| Anatol Provaznik|
| September 24, 1950|
Anatol Provazník (March 10, 1887 in Rychnov nad Kněžnou – September 24, 1950 in Prague) was a Czech organist and composer.
Anatol Provazník was son of Alois Provazník, a regional composer. He studied at the gymnasium in Rychnov nad Kněžnou and then at the music conservatory in Prague, finishing in 1907. During 1907–1911 he worked as an organist in the St Vitus Cathedral, later he moved to Berlin.
Provazník became very interested in the emerging radio broadcasting. He studied "radiophony" in Berlin and after return to Prague he helped to set up the music department of the Czech Radio. Since 1930 he worked, for sixteen years, as the proxy director of this department. Provazník was a friend with Karel Hašler and other artists.
Provazník is author of about 240 musical works including several operas and five operettas. He also adapted many classical piano and orchestra works to fit in radio broadcasting. These adaptations were performed for long time after his death.
Akrobat, Comic Opera in 1 act (1928); libretto by Ladislav Novák after Gottfried August Bell
Ghitta, Opera in 3 acts (1937); libretto by the composer
Valse des morts (1909)
Suita z venkova (Country Suite; Suite champêtre; Ländliche Suite), Op. 53 (published 1936)
Concert Fantasy for viola and orchestra, Op.51 (published 1930s)
Valse joyeuse for violin and piano, Op.137 (published 1924)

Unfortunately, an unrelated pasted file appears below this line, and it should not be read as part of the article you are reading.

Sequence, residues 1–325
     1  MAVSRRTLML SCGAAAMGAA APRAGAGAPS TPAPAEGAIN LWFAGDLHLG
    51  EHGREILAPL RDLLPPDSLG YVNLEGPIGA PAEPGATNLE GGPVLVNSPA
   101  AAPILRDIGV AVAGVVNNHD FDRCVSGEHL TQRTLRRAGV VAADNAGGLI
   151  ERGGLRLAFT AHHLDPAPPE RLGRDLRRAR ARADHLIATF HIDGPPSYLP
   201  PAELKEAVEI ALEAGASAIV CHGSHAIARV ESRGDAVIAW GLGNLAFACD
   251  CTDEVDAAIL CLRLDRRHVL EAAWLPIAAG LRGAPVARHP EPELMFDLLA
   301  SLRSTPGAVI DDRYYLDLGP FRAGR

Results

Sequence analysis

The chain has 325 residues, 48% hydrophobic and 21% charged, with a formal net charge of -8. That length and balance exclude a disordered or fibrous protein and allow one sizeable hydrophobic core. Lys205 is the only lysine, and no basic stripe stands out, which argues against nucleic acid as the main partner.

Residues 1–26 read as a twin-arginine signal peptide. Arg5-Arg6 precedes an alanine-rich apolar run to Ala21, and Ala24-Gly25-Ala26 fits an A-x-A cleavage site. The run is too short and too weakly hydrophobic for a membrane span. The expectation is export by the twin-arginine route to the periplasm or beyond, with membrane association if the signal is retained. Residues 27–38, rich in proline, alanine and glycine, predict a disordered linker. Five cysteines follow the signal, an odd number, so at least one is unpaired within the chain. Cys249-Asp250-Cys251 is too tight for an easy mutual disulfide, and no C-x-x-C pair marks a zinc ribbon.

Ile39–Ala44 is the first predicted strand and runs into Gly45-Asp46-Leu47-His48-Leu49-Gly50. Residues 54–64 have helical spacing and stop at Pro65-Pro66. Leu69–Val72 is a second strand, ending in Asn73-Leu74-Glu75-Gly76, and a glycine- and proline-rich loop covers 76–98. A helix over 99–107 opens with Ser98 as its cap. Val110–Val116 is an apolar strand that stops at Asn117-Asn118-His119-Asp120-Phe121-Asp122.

Hindu Song for violin and piano, Op.140 (published 1924)
Valse triste for violin and piano, Op.142 (published 1924)
Anatol Provazník Wikipedia
"Le faune amoureux" Op143(published before1916,Josef Weinberger Verlag)fur violon uns klavier "Impromptu"," valse gracieuse","toccata",Op144,for violine uns klavier-josef Weinberger Verlag ,before 1916 "Les diablotins" valse ,Op85,for violine uns klavier,Josef Weinberger VerlagPiano
Ballade en souvenir du grand maître Fr. Chopin: drame passionel, Op.130 (published 1924)
Valse joyeuse, Op.137 (published 1924)
The Gardener, 3 Songs for voice and piano, Op.131 (published 1925); words by Rabindranath Tagore
Chinesische Flöte, Lieder for voice and piano, Op.132 (published 1925); words by Li Bai, Seng-ju Wang and Fu Du
Cantantibus organis (150. Žalm), Variations for soloists, chorus, organ and orchestra, Op.52 (published 1936)
Žalm 116 (Psalm 116) for soprano, chorus organ and orchestra, Op.56 (published 1937)